…dating can suck. It can honestly, really, really suck.

It’s constant disappointment. It’s something being off even if you’re not quite sure what that something is. It’s trying to avoid the wolf underneath the sheep, and to find the sheep that’s hidden by your mesmerization with the wolf. It’s hoping for a someone you’re not entitled to meet just because you’re you. It’s a lot of scheduling and work, compromising and wondering when it’s all going to fall into place. Frankly, it’s so exhausting, I’m tired of writing about it — but…

…I still want to do it.

Even if five not-so-great dates turn into hundreds of bad dates. Even if I have to endure Republicans and receding hairlines, guys who are in denial about their height, ones who aren’t out of the closet yet. Even if I have to meet all of the very, very wrong guys that aren’t a great fit for me — I’d rather do it. I’d rather suffer through and keep going. Keep dating.

Because you can’t find the right one if you don’t know how to spot a bad one. And you can’t get what you want if you refuse to go after it. Or to let it go after you. You can’t have your heart feel those many wondrous things it longs to feel if you don’t open it wide enough to let someone touch it.  To capture it.

And even though it would be so lovely, you can’t skip the sucky first dates if you ever intend to find a guy who you can’t wait to go on a second date with. Or a third. Or five. Or many, many more…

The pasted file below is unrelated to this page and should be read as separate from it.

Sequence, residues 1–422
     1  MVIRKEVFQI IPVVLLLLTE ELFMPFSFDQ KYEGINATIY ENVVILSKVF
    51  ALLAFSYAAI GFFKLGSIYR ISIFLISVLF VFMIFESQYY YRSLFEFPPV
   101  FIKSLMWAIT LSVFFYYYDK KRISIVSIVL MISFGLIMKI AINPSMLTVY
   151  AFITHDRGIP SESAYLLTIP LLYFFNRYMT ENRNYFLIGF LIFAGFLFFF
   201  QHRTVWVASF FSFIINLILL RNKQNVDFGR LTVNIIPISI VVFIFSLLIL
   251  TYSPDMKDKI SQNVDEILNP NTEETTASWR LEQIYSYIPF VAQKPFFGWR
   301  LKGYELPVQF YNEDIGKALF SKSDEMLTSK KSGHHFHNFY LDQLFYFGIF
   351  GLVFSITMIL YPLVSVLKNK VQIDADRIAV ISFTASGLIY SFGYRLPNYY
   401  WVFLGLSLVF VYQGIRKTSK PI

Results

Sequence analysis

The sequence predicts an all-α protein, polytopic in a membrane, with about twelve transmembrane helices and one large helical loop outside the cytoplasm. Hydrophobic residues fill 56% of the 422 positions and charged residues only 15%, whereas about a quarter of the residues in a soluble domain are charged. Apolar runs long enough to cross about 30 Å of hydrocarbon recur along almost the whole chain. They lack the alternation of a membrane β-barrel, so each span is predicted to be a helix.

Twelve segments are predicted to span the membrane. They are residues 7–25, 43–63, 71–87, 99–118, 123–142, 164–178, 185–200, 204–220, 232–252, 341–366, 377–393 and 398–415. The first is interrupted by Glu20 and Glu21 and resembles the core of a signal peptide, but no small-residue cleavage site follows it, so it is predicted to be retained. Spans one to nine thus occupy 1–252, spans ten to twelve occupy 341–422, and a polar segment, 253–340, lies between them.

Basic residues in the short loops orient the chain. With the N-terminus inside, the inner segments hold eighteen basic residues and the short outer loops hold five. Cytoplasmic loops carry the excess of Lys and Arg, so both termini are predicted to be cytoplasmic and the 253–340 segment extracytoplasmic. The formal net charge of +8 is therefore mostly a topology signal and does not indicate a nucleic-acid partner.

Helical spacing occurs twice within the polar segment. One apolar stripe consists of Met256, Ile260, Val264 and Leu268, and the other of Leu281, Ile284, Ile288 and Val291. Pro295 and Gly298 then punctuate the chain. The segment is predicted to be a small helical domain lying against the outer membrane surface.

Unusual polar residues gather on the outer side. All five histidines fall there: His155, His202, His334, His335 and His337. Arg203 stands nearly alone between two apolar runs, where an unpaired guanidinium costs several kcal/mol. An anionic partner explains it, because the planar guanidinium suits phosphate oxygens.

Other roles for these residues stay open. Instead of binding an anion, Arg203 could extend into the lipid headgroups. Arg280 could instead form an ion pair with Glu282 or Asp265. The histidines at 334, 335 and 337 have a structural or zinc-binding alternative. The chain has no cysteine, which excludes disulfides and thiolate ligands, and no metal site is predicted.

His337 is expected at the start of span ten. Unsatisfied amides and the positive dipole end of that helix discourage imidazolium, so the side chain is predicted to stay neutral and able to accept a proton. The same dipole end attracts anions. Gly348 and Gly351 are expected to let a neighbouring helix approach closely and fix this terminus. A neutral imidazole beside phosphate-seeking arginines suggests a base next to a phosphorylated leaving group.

Liberated By Lucy

On my 24th birthday last week, I was feeling antsy.

In fact– all the weeks leading up to my birthday I had felt anxious and unsure, wondering what my last year of the early twenties would bring me and what I should do next. I found myself lusting after expensive things and fancy travels, men in pressed suits and visions of apartments that are rent controlled with views of the park. I was wishing and hoping for a huge change that would rock my world in the most exquisite of ways, that would shift my negatives to positives and my fears into flights.

But maybe those things were less realistic and more idealistic, I thought as I walked from the subway to Union Square to meet my friend M. I’ve been lucky to experience so much so quickly. I’m happy in a job that brings me happiness each day,  and while the floors are old and the walls dusty, my name is on the lease of an apartment that feels like home. My friends are as thoughtful as they are entertaining, bringing me the best support and experiences I could ask for. And yet, though the weather was the perfect blend of summer days and fall mornings, I felt like something was missing. Like something had to transform for me, just as the seasons were doing. Like I needed to take a plunge and try something I hadn’t before. Something I’d always been scared of doing.